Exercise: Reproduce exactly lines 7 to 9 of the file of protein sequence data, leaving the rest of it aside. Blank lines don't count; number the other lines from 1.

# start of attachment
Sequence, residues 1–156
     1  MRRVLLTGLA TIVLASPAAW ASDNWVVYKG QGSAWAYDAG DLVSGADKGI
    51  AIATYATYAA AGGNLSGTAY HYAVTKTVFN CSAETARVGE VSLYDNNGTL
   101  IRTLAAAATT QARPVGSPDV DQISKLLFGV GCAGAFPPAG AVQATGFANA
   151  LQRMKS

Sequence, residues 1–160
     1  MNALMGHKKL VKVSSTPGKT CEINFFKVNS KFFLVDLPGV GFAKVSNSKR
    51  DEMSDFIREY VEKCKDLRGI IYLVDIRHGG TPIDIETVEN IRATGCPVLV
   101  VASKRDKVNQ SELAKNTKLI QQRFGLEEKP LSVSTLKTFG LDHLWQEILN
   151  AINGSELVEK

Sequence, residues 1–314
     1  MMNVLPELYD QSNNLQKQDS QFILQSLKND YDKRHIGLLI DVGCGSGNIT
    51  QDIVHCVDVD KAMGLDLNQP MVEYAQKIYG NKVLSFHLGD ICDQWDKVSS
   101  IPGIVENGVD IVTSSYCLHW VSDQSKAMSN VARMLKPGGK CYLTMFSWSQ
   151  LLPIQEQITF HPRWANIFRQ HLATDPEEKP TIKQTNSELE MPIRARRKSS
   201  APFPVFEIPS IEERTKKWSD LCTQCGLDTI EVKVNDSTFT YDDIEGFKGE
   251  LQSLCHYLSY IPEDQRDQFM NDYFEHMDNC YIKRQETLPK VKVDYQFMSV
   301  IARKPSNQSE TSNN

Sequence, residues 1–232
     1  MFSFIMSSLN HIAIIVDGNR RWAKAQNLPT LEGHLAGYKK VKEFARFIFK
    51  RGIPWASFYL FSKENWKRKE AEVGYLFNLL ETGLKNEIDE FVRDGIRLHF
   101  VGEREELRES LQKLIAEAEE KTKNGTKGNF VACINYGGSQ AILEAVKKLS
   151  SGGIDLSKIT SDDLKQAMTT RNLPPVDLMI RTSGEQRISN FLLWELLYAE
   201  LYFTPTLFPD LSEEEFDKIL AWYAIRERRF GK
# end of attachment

     1  MNALMGHKKL VKVSSTPGKT CEINFFKVNS KFFLVDLPGV GFAKVSNSKR
    51  DEMSDFIREY VEKCKDLRGI IYLVDIRHGG TPIDIETVEN IRATGCPVLV
   101  VASKRDKVNQ SELAKNTKLI QQRFGLEEKP LSVSTLKTFG LDHLWQEILN